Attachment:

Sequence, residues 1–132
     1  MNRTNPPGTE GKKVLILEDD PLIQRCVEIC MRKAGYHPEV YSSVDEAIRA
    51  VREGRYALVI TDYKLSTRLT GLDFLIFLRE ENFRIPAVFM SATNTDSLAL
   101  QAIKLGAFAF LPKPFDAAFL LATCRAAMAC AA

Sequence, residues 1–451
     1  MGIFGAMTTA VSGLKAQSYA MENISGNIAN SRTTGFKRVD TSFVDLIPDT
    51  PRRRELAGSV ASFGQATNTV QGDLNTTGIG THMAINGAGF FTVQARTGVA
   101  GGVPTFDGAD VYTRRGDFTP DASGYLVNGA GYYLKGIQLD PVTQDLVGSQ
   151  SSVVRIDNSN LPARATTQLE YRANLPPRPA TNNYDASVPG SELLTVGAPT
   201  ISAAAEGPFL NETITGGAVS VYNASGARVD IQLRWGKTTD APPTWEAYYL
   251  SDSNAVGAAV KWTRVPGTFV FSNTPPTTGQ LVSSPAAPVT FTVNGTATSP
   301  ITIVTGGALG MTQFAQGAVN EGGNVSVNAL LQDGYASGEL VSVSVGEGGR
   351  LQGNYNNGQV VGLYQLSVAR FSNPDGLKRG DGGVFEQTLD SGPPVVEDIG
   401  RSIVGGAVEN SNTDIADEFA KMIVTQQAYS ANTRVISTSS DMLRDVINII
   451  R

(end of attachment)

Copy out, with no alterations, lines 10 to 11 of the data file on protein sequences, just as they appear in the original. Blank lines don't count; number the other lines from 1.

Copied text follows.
   201  ISAAAEGPFL NETITGGAVS VYNASGARVD IQLRWGKTTD APPTWEAYYL
   251  SDSNAVGAAV KWTRVPGTFV FSNTPPTTGQ LVSSPAAPVT FTVNGTATSP